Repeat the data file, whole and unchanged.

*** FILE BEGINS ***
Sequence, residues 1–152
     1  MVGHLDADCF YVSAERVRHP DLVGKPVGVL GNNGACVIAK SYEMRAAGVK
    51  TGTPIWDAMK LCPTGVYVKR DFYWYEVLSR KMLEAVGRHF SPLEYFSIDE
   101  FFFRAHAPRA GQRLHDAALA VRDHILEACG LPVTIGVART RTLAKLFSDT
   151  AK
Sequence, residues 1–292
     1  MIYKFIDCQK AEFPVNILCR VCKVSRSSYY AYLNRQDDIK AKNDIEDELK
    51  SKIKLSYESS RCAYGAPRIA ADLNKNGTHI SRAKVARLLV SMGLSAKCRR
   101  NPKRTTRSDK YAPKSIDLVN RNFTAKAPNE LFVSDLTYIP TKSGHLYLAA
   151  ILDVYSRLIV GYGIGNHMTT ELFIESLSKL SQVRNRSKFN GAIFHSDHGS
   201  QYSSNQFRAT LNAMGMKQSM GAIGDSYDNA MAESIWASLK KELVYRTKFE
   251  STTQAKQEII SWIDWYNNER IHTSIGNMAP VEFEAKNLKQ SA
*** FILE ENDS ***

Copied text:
Sequence, residues 1–152
     1  MVGHLDADCF YVSAERVRHP DLVGKPVGVL GNNGACVIAK SYEMRAAGVK
    51  TGTPIWDAMK LCPTGVYVKR DFYWYEVLSR KMLEAVGRHF SPLEYFSIDE
   101  FFFRAHAPRA GQRLHDAALA VRDHILEACG LPVTIGVART RTLAKLFSDT
   151  AK
Sequence, residues 1–292
     1  MIYKFIDCQK AEFPVNILCR VCKVSRSSYY AYLNRQDDIK AKNDIEDELK
    51  SKIKLSYESS RCAYGAPRIA ADLNKNGTHI SRAKVARLLV SMGLSAKCRR
   101  NPKRTTRSDK YAPKSIDLVN RNFTAKAPNE LFVSDLTYIP TKSGHLYLAA
   151  ILDVYSRLIV GYGIGNHMTT ELFIESLSKL SQVRNRSKFN GAIFHSDHGS
   201  QYSSNQFRAT LNAMGMKQSM GAIGDSYDNA MAESIWASLK KELVYRTKFE
   251  STTQAKQEII SWIDWYNNER IHTSIGNMAP VEFEAKNLKQ SA